SDOT is proposing a cycle track on Linden Ave to complete something of a missing link in the Interurban Trail near Bitter Lake. The plan calls for a two-way cycle track protected from vehicle traffic by a row of parked cars. A three-foot buffer will separate car doors and the cycle track, and a planting strip will separate the cycle track and the sidewalk (more of which are also being added).
Currently, Linden is a wide street with very little traffic. According to Josh at Publicola, traffic was only around 2,000 vehicles per day in 2007 2008. That is low enough to have simply made the street a bike boulevard. However, Josh reports that the street has been rezoned for increased density, so traffic could increase in the future. A cycle track may also feel more like a continuation of the Interurban Trail sections that bookend the new project at N 128th and N 145th.
143rd is the only street on this 17-block stretch of Linden that continues through. Other than driveways, there are only a couple streets where cars will turn across the track. So while the design is somewhat similar to the proposed design for Broadway, many of the complications that plan is facing will be avoided here.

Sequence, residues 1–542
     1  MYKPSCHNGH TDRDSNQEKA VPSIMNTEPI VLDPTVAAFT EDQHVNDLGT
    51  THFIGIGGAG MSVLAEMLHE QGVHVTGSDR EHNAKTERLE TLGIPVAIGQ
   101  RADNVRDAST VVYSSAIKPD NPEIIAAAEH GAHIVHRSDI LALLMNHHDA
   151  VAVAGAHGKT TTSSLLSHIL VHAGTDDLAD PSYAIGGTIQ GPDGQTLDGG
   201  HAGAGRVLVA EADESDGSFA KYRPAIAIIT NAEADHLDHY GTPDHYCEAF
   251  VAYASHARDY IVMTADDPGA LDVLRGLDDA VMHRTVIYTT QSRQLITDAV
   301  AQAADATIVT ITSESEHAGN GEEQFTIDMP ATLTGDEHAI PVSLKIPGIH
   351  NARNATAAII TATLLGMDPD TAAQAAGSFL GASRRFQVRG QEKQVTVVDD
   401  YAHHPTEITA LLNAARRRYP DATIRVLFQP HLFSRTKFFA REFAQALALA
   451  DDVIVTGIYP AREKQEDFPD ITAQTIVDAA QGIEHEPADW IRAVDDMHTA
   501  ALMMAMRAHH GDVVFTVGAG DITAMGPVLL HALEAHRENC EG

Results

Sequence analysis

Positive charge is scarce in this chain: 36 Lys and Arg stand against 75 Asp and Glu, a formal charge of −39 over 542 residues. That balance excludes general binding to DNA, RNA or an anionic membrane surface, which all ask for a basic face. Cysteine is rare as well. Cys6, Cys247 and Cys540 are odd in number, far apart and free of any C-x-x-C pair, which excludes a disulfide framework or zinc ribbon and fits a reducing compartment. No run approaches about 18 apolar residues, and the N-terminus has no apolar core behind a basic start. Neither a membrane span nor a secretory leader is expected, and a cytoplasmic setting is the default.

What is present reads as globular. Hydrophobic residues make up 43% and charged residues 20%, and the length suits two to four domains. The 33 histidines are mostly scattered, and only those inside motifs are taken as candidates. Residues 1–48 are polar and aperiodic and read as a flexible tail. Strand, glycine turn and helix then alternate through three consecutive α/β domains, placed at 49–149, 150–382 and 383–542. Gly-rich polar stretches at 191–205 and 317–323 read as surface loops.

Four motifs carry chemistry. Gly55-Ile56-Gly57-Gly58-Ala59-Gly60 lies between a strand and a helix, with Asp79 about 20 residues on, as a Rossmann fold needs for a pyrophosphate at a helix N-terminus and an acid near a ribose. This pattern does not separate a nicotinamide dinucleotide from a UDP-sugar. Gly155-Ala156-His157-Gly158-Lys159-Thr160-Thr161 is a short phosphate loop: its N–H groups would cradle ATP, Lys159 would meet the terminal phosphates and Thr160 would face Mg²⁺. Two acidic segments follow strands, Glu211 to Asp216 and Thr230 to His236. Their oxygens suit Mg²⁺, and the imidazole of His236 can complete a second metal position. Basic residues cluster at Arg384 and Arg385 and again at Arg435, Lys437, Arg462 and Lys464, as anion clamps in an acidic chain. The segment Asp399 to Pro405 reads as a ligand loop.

It probably is a good idea for Seattle to try out a cycle track before the city attempts the plans on Broadway, which is a much more hectic and dense street. There are questions of how bikes will be protected from turning vehicles that may not be used to this placement of bikes and how bikes will make turns across the roadway safely. Josh reports that, for the Linden plans, SDOT is considering either 4-way “scramble” pedestrian and bike signals or dedicated bicycle signals at intersections to help with turning. I would like to see how the track is designed visually to ensure safety at driveways and streets. Parking may need to be pushed back from curbs to ensure that drivers can clearly see bikers before making turns, for example. Also, how will signage and paint be used to remind drivers to be extra careful?
Cycle tracks are powerful because they can convince potential bikers to give it a shot. However, they have to be done right. The first cycle track in the city was proposed for Dexter, but those plans were scrapped largely due to concerns about the fast hill. This section of Linden is much flatter than Dexter, and car traffic is lower. It’s possible the Dexter plans would have worked fine, but there seemed to be a lot of unknowns. Linden is an important commuter route, so it’s not exactly a waste of a project. But more importantly, it could give SDOT a chance to play with designs to help ensure cycle tracks in Seattle are as safe as possible.
The street layouts, from SDOT (full size documents available here)